Sunday 18 April 2021 11:15 am

Steel tycoon Gupta raised cash through circular selling

Embattled tycoon Sanjeev Gupta is facing fresh questions over his Liberty Steel empire following reports the company raised cash from Greensill Capital by selling steel that it then planned to buy back itself.

Liberty Steel Newport in south Wales used a circular trading scheme where it sold steel to a company with close links to Gupta, which another firm linked to the tycoon was then to buy back, according to documents seen by the Sunday Times.

The sale, priced at £2.5m, allowed Liberty to borrow from Greensill via invoice discounting. The company was then free to sell the same steel again to a different customer and raise more cash from Greensill from the second sale.

The transactions raise questions over Gupta’s methods for financing GFG Alliance, which grew to a $20bn (£14.5bn) empire employing 35,000 people in just five years.

The tycoon is now scrambling to raise money for the group after Greensill, its main financier, went bust last month. Liberty Steel, a subsidiary of GFG Alliance, owns 12 metalworks in the UK, employing around 5,000 people.

The documents show that Liberty Steel Newport sold £2.5m of coils and tubes to VS International (VSI), a metals trading business with links to GFG.

Liberty was then able to raise cash from Greensill, which provided finance against the invoice from VSI. Greensill normally lent Liberty 80 per cent of an invoice’s value, according to the report, suggesting it handed around £2m to Liberty.

VSI would then sell the steel to Gupta’s CS Management Services, which in turn would sell it back to Liberty Steel Newport. The same steel would then be sold for a second time to a third party, with Greensill again providing finance against the invoice.

The circular deals allowed Liberty to raise millions of pounds in cash from Greensill from a single shipment of steel. It is not clear whether the steel was even physically delivered to VSI.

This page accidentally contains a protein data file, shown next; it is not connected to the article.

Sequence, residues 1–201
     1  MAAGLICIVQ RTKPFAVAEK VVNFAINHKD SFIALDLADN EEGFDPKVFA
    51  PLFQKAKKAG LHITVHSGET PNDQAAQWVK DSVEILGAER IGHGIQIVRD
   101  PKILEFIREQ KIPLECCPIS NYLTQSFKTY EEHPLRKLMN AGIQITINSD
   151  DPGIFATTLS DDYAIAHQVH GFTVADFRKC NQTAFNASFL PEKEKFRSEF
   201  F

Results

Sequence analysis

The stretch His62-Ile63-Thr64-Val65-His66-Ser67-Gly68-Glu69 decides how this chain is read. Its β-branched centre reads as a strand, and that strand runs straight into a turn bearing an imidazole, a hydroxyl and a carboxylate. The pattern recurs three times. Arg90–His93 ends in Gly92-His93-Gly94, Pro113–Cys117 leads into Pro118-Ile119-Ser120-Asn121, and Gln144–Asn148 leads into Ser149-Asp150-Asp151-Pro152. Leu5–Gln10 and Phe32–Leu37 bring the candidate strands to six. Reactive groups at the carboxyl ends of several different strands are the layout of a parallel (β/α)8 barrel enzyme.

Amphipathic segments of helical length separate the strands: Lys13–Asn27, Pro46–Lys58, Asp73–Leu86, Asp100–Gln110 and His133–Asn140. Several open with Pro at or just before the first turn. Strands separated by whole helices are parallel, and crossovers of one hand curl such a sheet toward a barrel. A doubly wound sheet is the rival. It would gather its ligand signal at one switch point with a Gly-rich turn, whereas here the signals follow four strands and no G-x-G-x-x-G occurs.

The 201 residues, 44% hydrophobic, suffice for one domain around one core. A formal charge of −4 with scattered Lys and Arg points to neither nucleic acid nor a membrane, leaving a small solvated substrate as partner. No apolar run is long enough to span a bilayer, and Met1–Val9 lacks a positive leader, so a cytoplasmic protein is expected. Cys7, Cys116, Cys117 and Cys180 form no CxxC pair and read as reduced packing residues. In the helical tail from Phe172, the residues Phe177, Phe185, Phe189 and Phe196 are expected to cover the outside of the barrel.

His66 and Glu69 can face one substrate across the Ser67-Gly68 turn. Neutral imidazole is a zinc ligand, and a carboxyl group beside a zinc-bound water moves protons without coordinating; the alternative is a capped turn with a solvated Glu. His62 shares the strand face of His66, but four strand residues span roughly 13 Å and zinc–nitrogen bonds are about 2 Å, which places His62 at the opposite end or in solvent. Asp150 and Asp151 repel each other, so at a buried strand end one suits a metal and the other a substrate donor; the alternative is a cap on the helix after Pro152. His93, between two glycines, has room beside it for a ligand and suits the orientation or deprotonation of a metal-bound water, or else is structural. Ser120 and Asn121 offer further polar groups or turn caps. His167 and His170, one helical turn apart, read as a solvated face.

It is also not clear whether the transactions met the terms of Liberty’s financing deal with Greensill. The company declined to comment.

In a statement GFG said: “We refute any suggestion of wrongdoing. We abided by all the normal rules that apply to inventory-based financing and in full knowledge of all parties involved.

“While GFG companies have done business with people known to the founder, the company has long-term customer relationships with major infrastructure, industrial, aerospace and automotive customers — as you would expect from one of the world’s largest steel producers and the operator of Europe’s largest aluminium smelter.”

While the circular deals are not illegal, it is not clear why the transactions were necessary.

Gupta is in the process of trying to secure alternative funding for his company after the demise of Greensill, but is racing against its various creditors, including Credit Suisse.

The UK’s aerospace industry this week urged the government to intervene to protect steel production at Gupta’s empire, warning that the sector faced a shortage of steel for plane parts if the plants were to fail.

Ministers have already rejected a £170m bailout bid by the tycoon’s firm, arguing there was no guarantee the money would stay in the UK.

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